Imagine Mike Tyson as Speaker of the House, or Evander Holyfield crooning drippy love songs. Yeah, these are strange images. But for Manny Pacquiao, the ferocious Filipino fighting icon, juggling a career as boxer-politician-singer seems to be working out. (via Wall Street Journal)
With a song that is now topping the charts, we may be seeing more of Pacquiao in a completely different arena—one that requires a solid set of pipes, not fists.
Pacquiao, known as “Pac-Man” (or even better, “The Destroyer”), rose to worldwide fame in 2008 after “Golden Boy” Oscar De La Hoya waved the white flag after their fight at the MGM Grand Garden Arena in Las Vegas. Today, the current WBO Welterweight world champ is dripping with titles and serving as an elected congressman in the archipelagic nation from which he hails, representing the province of Sarangani in the Philippines.
The 32-year-old boxer, part of TIME’s 2009 “People Who Mattered” and one of last year’s TIME 100, is now showing the world that his talent goes far beyond just packing a punch. He’s become a professional singer. It may sound like an odd career add-on for the blood-soaked eight-division world champ, but when Pacquiao sings, he’s sweet, emotive—even syrupy. And when he sang a song in 2009 on Jimmy Kimmel Live, pop singer and songwriter Dan Hill took notice.
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After Hill reached out to Pacquiao, the duo met up and agreed to produce a record and documentary, the Wall Street Journal reports. “It was like hanging out with Elvis meets Muhammad Ali,” Hill says of the meeting.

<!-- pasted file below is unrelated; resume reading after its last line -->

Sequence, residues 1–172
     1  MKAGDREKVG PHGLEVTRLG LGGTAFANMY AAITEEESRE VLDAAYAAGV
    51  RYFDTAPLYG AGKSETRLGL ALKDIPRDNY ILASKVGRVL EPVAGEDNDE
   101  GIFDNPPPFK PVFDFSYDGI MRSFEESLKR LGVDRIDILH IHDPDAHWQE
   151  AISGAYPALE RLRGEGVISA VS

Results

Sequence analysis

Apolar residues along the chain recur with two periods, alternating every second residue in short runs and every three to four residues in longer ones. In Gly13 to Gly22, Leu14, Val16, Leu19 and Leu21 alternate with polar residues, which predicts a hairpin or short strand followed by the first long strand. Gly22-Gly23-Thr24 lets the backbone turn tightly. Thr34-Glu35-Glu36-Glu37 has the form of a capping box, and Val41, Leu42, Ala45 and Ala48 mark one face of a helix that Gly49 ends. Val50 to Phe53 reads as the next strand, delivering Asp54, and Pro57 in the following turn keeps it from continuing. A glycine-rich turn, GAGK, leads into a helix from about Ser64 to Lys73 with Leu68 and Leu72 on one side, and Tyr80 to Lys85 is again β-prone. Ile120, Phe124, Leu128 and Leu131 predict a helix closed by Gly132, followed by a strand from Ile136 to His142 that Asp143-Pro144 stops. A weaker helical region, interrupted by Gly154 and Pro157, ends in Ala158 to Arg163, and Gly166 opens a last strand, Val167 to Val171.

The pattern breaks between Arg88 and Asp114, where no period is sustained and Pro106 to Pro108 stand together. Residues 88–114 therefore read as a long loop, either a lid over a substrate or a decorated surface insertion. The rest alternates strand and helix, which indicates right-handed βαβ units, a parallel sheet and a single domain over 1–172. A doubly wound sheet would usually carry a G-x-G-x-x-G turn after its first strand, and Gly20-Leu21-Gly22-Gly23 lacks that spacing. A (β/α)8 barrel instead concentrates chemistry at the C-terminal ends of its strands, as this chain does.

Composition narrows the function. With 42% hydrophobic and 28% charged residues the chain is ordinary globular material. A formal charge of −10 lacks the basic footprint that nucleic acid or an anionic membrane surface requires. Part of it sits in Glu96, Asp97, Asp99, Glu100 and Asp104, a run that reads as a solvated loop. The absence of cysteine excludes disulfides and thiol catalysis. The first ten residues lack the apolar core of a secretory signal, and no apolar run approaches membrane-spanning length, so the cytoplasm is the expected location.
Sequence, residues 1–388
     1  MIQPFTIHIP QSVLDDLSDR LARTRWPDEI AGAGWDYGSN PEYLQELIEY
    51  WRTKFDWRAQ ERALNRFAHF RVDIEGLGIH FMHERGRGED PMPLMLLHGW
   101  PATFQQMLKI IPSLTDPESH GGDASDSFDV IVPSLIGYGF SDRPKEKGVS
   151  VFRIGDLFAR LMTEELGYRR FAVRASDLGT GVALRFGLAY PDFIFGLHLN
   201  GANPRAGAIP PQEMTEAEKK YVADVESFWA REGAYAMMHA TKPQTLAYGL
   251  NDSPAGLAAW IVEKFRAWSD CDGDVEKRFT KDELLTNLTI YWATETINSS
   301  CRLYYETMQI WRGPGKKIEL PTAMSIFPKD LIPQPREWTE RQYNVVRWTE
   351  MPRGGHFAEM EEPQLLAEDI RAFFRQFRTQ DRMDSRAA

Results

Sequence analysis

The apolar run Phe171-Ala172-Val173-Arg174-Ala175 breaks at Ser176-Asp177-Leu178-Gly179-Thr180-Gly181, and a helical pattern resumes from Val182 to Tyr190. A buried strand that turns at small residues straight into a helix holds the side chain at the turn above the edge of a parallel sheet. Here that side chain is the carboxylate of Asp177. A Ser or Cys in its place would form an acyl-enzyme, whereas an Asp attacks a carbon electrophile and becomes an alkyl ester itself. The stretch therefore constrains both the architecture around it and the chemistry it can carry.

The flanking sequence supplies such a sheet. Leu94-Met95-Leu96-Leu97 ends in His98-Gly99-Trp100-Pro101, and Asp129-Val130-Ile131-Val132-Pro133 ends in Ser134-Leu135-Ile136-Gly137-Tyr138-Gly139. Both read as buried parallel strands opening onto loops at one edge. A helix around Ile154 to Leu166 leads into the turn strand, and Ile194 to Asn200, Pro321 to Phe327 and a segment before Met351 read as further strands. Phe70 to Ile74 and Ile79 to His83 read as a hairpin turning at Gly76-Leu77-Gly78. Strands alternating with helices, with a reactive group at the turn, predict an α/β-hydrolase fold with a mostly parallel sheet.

Pacquiao recorded with Hill last fall while simultaneously training for his November fight with American boxer Antonio Margarito (whom Pacquiao brutally bludgeoned to the point that his swollen opponent underwent surgery). The song Pacquiao recorded, “Sometimes When We Touch,” is a re-boot of the 1977 ballad written by Hill that once topped the U.S. Billboard Hot 100 and still serves as the writer’s biggest hit.
Known more for smashing, not “touching,” Pacquiao’s version of “Sometimes When We Touch” is nonetheless gaining momentum. This week, it reached the No. 7 slot on the “Secondary Adult Contemporary Chart,” a weekly list published by Billboard magazine.
It’s still too early to predict if Pacquiao can enter the ring as a successful vocalist because “even if you’re Katy Perry or Justin Bieber, you have to work radio like crazy,” says Hill. But for now, the charismatic crooner, who takes on Mexico’s Juan Manuel Marquez this fall, is relishing in the fact that his romantic ballad has nabbed a single-digit spot.